Security Deposits in Residential Rentals: Accounting for Lease Income After COVID-19
- May 15, 2020
As the COVID-19 pandemic continues and stresses our economy across the board, many individuals are struggling to make their rent payments. In an effort to keep units occupied, landlords of residential dwellings are working to renegotiate lease terms and offer some rental concessions to assist their tenants during these difficult times. One agreement landlords and tenants may strike is to apply the tenant’s security deposits against rents in arrears. Naturally, this will lead to many questions from landlords on how to recognize these renegotiated changes for income tax purposes.
A security deposit is a sum deposited by a tenant with a landlord to secure the tenant's performance of their obligations under the lease, such as rent payments, the restoration of the leased property, or any of the tenant's other lease obligations. Generally, the tax treatment of a security deposit is similar to that of a loan from the tenant to the landlord. The landlord may be obligated to pay it back assuming the tenant has met all obligations upon termination of the lease. Therefore, it is generally not considered income when received by the landlord.
However, when the deposit is used to offset a tenant’s obligation under the lease terms, it would be considered income to a cash basis landlord and, for an accrual basis landlord, it would offset the tenant’s accounts receivable ledger. During this current economic situation, the benefit to this arrangement for accrual basis landlords who have already reported the income is providing current access to an otherwise restricted cash account. However, as there no longer is a deposit, the tenant may not have the incentive to maintain the leased property with care, and if the tenant were to severely damage the property, the landlord may have little recourse at this time to cover the damages.
It should be noted that due to recent legislation by various states, landlords may have their hands tied as far as renegotiating goes. Here in the tri-state area, each of New York, New Jersey and Connecticut have given tenants the option to use their existing security deposits account plus any accrued interest earnings to offset rent due. Below is a table summarizing the details of recent legislation for the tri-state area.
|Date Effective into Law||4/10/2020||5/7/2020||4/24/2020|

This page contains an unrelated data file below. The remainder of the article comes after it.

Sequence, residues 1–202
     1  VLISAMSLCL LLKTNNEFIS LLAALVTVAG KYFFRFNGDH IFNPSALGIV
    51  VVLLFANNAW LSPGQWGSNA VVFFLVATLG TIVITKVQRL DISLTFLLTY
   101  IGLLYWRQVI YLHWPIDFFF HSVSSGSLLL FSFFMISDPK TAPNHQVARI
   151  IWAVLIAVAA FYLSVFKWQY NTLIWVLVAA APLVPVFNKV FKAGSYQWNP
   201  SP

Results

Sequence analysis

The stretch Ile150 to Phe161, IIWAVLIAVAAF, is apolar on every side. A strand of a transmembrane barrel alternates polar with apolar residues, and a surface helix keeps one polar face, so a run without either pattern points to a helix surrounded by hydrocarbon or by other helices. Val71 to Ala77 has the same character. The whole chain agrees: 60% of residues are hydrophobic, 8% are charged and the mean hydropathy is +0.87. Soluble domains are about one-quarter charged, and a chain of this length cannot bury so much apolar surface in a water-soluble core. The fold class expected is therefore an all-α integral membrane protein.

|Who must originate security deposit request to offset rent?||Tenant||Tenant||Tenant|
|Tenant request must be writing (email is acceptable)||Yes||Yes||Yes|
|Emergency law period||3/10 - Through duration of state emergency declaration||3/7/20 - 6/7/20||3/9/20 thru 60 days after end of state emergency declaration|
|Can tenant use deposit to offset rent in arrears?||Only can be used for rents due for April, May, June 2020, and only a tenant's deposit exceeding one month's rent can be applied as rent.||Yes||Only for rents originally due during state emergency period plus an additional 60 days|
|Can tenant use deposit to apply against upcoming rent due?||Only can be used for rents due for April, May, June 2020, and only a tenant's deposit exceeding one month's rent can be applied as rent.||Yes||Only for rents originally due during state emergency period plus an additional 60 days|
|Are all tenants eligible to use their deposits?||Tenant must express in writing they have experienced financial hardship due to covid-19||Only those eligible for unemployment insurance or other benefits under Fed or state law due to Financial hardship due to Covid-19 Pandemic.||Yes|
|Is tenant required to replenish deposit?||Yes||Yes||No, unless a new lease is renewed or extended|
|When does replenishment period start?||Landlord may demand full replenishment at end of emergency declaration||No less than 90 days from the date the security deposit was applied against rent due.||Upon exection of new or extension of lease, at which point the deposit mush be replenished by the later of six months after emergency period ends or date lease was extended/revised|
|How is deposit replenished?||In full upon demand||1/12th of deposit used for rent is due back from tenant in monthly installments||In full upon demand|
Landlords will look to include new lease terms for the tenant to eventually restore the deposit either through installments starting over the remaining lease life, or in one lump sum payment at an agreed- upon date during the lease life. The receipt of these future payments, whether in lump sum or installment to replenish a tenant’s deposit obligation, would not be considered income to the landlord.
As the impact of this crisis continues to develop, landlords and property management companies will continue to look for innovative solutions such as utilizing security deposit funds. Every solution has a potential effect on financial reporting and should be considered carefully during implementation.
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Artur Kilerciyan is a Tax Senior Manager in the Real Estate Services Group with over 15 years of public accounting experience.
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